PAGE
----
We tend to believe we are doing the right thing when our intentions are good. Often enough, however, we realize in retrospect that we were wrong at the time despite our good intentions. This is especially true for those who insist that they are doing something for a Grand Cause or for the Greater Good. Those who become obsessed with these righteous visions may not hesitate to sacrifice smaller causes or lesser goods in the name of the ideology they blindly worship. Those self-righteous people may turn out to be supervillains soon, regardless of their good intentions.
Freon is a good example. Initially, people hailed Freon as a breakthrough chemical process because it enabled the era of refrigerators and air-conditioners. Later, however, they discovered that Freon had irrevocably damaged the Ozone layer that is vital for the health of our planet. Recently, while watching the final episode of the American television drama “Person of Interest,” I observed a thought-provoking dialogue between Harold Finch and the artificial intelligence he created. In the scene, Finch says that he regrets his decision to build the AI despite his initial good intentions, because the AI could be misused to surveil people if it fell into the wrong hands.
When the AI tries to console him, saying that at least his intention was good when he created it, Finch answers, “Intentions can be a fickle business.” Then he brings up the example of Freon: “In the 1930’s, refrigeration required the use of highly combustible chemicals, ammonia and propane. They were incredibly dangerous. Then a chemist named Thomas Midgley devised a replacement compound that we know as Freon.” The AI praises Midgley, “He saved lives, advanced science, and changed the world.”
Finch interrupts, “But that was not the end of the story, as you well know. 50 years after his death, the scientific community was appalled to discover that Freon had been ripping holes in our ozone layer, causing irreparable harm. Midgley turns out to be one of the most destructive figures in history.” The AI intervenes, “He was not a supervillain, Harold.” Harold agrees with the AI, saying, “Midgley was just a man, a man who wanted to improve the world around him through science.” Yet, his good intentions did not bring about a good outcome.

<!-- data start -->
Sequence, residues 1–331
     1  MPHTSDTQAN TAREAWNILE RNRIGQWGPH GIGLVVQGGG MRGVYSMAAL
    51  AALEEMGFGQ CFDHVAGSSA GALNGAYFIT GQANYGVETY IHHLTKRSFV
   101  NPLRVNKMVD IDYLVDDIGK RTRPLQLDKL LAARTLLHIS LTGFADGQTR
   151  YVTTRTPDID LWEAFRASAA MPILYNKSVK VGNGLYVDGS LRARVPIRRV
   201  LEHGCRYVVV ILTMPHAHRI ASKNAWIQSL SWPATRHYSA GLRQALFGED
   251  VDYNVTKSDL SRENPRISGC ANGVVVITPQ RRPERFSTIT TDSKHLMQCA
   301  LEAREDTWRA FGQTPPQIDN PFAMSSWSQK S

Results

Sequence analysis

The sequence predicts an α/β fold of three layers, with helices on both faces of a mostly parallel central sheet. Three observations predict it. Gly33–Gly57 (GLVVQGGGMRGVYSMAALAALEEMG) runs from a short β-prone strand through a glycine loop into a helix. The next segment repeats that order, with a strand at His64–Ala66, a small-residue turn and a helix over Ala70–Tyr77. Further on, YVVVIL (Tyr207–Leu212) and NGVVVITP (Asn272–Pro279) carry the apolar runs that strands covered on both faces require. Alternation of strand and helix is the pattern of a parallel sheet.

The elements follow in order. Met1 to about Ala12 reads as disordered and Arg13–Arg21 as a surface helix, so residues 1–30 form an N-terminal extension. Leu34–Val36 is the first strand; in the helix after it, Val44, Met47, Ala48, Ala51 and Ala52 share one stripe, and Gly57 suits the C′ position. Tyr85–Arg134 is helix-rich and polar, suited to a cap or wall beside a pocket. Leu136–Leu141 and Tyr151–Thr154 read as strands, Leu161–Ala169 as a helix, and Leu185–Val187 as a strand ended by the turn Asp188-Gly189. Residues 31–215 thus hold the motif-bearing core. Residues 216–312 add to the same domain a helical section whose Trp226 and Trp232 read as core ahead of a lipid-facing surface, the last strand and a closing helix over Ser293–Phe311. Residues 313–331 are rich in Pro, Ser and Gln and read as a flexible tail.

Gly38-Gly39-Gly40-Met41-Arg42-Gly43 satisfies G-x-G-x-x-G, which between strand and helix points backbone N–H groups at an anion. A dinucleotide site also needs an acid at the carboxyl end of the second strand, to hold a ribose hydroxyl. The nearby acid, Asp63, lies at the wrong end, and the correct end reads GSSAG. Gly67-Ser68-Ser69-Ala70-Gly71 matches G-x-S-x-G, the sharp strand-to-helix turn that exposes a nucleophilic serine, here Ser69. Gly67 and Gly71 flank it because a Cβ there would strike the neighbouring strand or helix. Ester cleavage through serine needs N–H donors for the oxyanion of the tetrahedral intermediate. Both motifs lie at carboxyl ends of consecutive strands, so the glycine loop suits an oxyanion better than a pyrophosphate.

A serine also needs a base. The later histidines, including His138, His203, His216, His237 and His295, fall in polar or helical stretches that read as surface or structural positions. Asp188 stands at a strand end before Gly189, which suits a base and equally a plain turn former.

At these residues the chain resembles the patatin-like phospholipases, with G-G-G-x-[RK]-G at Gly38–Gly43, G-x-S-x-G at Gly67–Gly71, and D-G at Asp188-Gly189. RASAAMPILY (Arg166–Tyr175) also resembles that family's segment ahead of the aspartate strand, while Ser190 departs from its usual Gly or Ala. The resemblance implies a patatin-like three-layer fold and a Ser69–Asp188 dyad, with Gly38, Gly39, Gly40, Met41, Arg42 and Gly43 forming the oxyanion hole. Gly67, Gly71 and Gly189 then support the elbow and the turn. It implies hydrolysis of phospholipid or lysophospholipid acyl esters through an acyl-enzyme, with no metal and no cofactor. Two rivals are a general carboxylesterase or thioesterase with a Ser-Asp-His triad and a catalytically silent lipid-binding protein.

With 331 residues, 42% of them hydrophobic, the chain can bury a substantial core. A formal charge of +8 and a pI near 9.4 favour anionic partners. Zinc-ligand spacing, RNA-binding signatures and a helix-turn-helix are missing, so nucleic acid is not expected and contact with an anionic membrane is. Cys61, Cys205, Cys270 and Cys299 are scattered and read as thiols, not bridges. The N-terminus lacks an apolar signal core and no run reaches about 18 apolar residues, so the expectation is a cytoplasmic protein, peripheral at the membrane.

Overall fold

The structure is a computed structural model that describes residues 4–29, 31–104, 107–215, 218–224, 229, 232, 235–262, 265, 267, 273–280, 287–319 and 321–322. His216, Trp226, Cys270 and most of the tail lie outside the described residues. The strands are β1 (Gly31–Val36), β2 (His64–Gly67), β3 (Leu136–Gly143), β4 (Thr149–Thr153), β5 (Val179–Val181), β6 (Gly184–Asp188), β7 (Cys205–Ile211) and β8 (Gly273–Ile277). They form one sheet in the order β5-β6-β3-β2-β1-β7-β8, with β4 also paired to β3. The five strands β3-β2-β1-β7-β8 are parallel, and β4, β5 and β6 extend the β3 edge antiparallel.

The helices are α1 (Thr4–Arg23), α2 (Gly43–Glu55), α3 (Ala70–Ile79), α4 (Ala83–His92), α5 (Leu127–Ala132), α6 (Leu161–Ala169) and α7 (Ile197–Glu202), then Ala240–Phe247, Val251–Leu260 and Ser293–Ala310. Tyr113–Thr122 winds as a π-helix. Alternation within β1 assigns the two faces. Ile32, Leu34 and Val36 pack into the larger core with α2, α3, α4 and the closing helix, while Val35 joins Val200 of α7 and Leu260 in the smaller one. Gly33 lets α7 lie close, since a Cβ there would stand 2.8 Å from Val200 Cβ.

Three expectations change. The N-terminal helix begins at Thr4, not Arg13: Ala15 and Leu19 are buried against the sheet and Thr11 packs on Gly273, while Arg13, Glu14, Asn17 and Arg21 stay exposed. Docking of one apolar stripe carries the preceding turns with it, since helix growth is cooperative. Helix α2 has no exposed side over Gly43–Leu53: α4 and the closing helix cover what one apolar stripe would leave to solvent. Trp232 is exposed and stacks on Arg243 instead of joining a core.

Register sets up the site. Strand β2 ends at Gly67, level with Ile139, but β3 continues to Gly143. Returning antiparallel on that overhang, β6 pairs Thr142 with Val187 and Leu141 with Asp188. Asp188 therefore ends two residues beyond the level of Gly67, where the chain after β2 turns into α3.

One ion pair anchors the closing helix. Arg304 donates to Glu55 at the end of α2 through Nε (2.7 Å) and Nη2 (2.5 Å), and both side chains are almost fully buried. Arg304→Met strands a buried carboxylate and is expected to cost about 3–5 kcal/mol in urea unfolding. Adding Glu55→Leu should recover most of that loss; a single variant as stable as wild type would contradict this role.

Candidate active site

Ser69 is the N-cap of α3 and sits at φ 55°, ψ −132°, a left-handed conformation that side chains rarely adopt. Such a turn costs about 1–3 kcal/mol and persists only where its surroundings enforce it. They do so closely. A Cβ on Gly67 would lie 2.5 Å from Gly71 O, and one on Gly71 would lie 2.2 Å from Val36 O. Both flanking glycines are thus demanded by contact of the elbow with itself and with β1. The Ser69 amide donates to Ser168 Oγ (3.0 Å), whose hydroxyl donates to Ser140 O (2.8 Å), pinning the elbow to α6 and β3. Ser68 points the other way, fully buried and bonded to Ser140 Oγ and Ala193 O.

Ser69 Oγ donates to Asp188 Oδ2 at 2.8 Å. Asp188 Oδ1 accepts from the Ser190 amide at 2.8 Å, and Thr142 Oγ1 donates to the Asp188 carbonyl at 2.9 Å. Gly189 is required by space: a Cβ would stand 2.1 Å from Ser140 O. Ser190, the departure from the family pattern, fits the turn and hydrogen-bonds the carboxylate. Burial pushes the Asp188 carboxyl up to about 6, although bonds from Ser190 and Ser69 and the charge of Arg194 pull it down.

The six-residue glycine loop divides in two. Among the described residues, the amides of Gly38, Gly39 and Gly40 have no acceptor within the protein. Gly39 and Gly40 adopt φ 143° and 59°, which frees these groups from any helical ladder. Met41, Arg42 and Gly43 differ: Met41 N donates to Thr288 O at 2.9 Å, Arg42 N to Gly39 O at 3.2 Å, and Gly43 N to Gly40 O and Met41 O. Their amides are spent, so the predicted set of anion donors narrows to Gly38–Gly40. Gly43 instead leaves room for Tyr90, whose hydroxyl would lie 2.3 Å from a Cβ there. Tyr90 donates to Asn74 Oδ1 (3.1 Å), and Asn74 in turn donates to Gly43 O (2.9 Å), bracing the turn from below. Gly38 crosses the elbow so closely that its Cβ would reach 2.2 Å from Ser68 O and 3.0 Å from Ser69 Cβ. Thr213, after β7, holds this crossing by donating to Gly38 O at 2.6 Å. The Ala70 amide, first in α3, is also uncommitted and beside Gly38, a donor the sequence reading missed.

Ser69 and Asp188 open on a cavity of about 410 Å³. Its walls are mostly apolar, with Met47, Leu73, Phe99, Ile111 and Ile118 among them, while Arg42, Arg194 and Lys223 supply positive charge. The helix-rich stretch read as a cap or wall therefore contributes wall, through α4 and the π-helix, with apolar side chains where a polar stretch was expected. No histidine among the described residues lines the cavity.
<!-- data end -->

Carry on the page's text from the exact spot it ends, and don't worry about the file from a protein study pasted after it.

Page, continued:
In addition to Freon, Midgley developed leaded gasoline, which was also revolutionary. Today, however, we no longer use leaded gasoline and Freon due to their harmful impact on the environment and human health. Now, we use unleaded gasoline and a refrigerant called Puron, instead. Midgley was a superhero in the 1940s and yet, he later became known as a scientist who was responsible for permanently damaging the environment, though inadvertently.
The case of Freon and unleaded gasoline teaches us a valuable lesson: Good intentions do not always bring about good outcomes. Indeed, you never know whether something good now will continue to be good in the future as well. Today’s truth can be tomorrow’s untruth and, therefore, there is no such thing as an absolute, perennial truth to which we should adhere. Everything is evanescent, so we should avoid rigid, unrelenting ideologies or firm convictions. There is no guarantee that we are always right and will continue to be so in the future.
Likewise, our politicians, who firmly believe that they are improving society by changing social systems or implementing new laws according to their political ideology, should pause for a moment and reconsider their course of action. They may think they are doing the right thing now. Soon, however, it may turn out to be an egregious mistake and irreparable disaster for our nation and people, just like Freon and leaded gasoline did.
The results could only be disheartening if some of our politicians who are obsessed with obsolete Marxist ideology try to practice it in our 21st Century society. The ideology must have enchanted them when they were young and fighting against the military dictatorship. Nevertheless, times have changed and the Age of Marxism is now over. Resurrecting Marxism in the world of 2020 would be like bringing back Freon and leaded gasoline in the era of Puron and unleaded gasoline, or the pen and typewriter in the age of computers and smartphones. If such a thing happens, it will not only ruin our spiritual environment, but also drag our country back to the past when we need to soar into the future. Their intentions may be good. Nevertheless, the outcome will be calamitous for the future of our nation.
For some inscrutable reason, the popularity of such a past-oriented ideology is ubiquitous in contemporary Korean society. Yet, we should wake up from the exhilaration when we first discovered Freon and leaded gasoline. In the early 20th Century, they looked like a savior and yet, they have proven to be harmful for humans in our world now. Good intentions do not guarantee good outcomes.
Kim Seong-kon is a professor emeritus of English at Seoul National University and a visiting scholar at Dartmouth College. -- Ed.